It took the Ottomans almost 3 months to take the city. This is a long time in siege warfare. Food, supplies, and waste removal makes a long siege impracticable. The Turks lost more than half their force or 30-40.000 men. The Christians lost their entire cadre of 8.000. The defenders for the most part all died fighting. A few escaped, and a few hundred were granted a pardon by Mehmet. The city's population was largely raped and abused. Many thousands of citizens were killed. Some 30.000 were sold into slavery. All valuables which remained were taken by the Ottomans. Constantinople was completely denuded of anything which could claim to be fair, artistic or worthwhile. The churches were immediately converted into mosques. The rape and plunder was so bad, that Mehmet had to end it after only one day. He wanted a capital, not a corpse.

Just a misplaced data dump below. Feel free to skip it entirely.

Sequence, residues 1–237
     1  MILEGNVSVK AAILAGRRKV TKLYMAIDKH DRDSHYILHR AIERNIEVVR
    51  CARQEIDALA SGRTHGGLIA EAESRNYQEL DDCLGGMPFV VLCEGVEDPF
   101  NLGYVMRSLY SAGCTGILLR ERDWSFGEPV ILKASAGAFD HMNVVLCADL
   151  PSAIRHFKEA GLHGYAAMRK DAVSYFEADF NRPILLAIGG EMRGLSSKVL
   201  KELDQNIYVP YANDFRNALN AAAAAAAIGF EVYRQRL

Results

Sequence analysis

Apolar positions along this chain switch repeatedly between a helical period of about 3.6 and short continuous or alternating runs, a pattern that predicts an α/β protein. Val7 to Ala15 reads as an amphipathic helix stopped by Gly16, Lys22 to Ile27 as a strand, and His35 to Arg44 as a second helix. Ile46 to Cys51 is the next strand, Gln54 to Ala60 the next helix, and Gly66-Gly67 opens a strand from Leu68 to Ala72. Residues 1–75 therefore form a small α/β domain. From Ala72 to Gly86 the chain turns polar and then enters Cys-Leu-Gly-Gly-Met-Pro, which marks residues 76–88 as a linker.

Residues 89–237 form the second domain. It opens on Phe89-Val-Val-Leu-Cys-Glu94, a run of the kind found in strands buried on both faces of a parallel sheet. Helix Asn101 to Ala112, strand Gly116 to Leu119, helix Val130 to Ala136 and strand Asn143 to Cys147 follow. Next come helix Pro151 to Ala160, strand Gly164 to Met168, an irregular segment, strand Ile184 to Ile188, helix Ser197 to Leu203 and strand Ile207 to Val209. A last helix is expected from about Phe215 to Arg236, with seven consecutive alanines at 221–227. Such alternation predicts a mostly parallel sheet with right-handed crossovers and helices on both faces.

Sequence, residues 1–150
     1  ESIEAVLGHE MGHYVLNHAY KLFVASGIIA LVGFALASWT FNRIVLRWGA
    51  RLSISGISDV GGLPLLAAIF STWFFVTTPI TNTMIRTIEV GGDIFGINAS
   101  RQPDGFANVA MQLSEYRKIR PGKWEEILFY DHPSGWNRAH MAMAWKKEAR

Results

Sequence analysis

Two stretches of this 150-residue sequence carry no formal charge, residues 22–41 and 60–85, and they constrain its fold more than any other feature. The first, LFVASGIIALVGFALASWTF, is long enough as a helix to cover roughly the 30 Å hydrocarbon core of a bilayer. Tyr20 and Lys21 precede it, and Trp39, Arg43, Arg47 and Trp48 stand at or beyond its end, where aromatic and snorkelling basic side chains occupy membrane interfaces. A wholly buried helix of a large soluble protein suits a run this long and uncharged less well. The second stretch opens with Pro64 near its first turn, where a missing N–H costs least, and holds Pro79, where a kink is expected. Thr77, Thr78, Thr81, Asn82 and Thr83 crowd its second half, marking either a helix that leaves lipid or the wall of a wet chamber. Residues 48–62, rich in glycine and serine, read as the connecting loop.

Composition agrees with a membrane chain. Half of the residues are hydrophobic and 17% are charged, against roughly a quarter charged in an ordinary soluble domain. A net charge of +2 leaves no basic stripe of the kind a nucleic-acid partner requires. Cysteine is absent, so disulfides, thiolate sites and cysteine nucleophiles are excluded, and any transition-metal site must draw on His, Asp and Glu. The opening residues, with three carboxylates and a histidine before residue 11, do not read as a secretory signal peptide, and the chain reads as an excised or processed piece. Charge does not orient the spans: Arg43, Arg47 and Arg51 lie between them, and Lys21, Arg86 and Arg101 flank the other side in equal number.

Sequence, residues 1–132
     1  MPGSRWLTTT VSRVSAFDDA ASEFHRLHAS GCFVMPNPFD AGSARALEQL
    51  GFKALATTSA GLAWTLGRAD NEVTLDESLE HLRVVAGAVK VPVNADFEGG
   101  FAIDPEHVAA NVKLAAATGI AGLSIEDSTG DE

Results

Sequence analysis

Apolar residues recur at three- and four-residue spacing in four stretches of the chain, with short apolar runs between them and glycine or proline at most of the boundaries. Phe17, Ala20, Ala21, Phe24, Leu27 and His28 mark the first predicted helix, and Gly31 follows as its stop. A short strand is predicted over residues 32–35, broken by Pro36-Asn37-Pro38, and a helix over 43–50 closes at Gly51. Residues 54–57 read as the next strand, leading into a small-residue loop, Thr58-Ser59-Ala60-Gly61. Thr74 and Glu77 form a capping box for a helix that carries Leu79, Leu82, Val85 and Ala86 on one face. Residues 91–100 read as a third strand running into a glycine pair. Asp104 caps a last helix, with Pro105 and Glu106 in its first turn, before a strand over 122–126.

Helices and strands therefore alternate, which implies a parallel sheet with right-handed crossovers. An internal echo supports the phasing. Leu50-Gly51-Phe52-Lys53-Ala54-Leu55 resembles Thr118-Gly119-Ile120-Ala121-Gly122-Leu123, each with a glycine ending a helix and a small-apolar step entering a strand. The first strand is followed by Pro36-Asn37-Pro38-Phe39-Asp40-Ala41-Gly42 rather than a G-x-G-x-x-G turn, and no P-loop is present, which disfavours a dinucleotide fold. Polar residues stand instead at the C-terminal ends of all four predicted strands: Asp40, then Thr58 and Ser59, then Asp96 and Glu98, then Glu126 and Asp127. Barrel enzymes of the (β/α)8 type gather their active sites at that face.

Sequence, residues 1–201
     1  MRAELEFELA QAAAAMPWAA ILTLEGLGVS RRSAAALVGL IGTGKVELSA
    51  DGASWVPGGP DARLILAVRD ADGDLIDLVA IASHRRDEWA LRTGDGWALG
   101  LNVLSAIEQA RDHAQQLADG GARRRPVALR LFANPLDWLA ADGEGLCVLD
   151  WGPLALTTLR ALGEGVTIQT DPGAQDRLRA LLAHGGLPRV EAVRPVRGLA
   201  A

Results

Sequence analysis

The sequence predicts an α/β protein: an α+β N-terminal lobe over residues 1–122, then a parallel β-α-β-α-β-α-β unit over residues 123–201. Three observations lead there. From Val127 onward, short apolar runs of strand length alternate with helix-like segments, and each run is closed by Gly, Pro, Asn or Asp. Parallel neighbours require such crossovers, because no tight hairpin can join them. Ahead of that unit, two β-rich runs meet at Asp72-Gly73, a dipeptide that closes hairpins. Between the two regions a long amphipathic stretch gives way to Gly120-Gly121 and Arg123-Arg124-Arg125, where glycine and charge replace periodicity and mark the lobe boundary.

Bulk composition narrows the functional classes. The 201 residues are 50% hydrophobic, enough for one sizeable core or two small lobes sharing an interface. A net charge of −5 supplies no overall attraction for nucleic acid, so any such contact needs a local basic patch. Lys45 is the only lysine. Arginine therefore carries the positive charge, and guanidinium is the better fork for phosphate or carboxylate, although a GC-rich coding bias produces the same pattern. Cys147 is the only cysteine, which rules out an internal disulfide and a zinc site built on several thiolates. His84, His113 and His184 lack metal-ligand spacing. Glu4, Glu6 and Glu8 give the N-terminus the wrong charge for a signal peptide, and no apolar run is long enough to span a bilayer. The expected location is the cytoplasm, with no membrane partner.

In any event Mohammed's prediction was fulfilled. Rum or Eastern Rome was conquered. It only remained to try and conquer the Western Rome – which was attempted a few times by Mehmet and his successors, always ending in failure. The Jihad and the inevitable rise of Islam to dominate the planet seemed a fairly certain premise in 1453. Crowley's great contribution is the 'what if'. What if Christian Europe had united around another Crusade, and sent 20.000 men and 40 galley's to the aid of Constantine XI? What if the Janissaries had mutinied during that 7th and disastrous week for the Ottomans during the siege? After 4 Venetian galley's ran passed and outfought the entire 100 ships of the Ottoman fleet Crowley asks, “And if 4 ships were able to defy the Ottoman navy, what might a dozen well-armed galleys of the Italian republics not do to decide the final outcome?”


A good question indeed. What if Istanbul was still Constantinople? How different would the world be today?